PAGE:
From time to time, some of my surrogacy clients ask me:
“Why go through all of this to get a parentage order? Isn’t it a simple matter to get my name on the birth certificate for the child?”
Well, not really. The reason is because there is legislation in place saying who the parents of a child are presumed to be. In particular, Section 14 of the Status of Children Act 1996 (NSW) says that if a woman goes through a fertilisation procedure (being artificial insemination, a transfer of a fertilised embryo, or any other artificial or assisted conception technique), then it is presumed that she is the mother of that child (even if the ovum isn’t hers) and that her partner is presumed to be the father of that child.
This legislation was first put into place to address children who were born from donated eggs or sperm and to protect (and possibly encourage) egg and sperm donors. It’s quite likely that at the time this was put in, surrogacy was not a consideration of the lawmakers.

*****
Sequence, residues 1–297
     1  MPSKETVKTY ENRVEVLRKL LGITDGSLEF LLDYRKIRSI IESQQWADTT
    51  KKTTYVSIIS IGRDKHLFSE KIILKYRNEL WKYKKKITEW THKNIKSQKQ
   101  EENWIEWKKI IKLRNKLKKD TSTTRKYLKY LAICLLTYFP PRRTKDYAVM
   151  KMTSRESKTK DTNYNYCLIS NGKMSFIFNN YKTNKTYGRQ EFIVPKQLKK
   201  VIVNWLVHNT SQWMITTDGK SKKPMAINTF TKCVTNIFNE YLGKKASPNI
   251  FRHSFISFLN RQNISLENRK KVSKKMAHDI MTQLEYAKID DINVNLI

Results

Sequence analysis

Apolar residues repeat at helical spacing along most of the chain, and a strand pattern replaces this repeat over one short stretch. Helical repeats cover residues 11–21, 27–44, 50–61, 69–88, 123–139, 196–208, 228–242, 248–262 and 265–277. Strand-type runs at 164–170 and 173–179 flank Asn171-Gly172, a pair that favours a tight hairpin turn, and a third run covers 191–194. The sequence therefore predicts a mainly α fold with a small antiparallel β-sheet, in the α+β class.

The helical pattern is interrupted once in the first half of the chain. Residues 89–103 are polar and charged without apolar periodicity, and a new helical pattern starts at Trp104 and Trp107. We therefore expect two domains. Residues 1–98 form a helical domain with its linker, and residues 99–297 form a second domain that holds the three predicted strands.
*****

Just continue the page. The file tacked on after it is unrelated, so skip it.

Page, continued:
This means that if you go through a surrogacy arrangement, the birth mother and her partner would initially be the mother and father named on the birth certificate, even if they did not provide the genetic material for the child.
The Surrogacy Act 2010 (NSW) provides a legal pathway to remedy this situation by allowing the intended parents to make an application before the Supreme Court to declare that they are in the true parents of the child. That being said, there are a number of hurdles to jump through to get these orders. We’ll discuss this in future posts.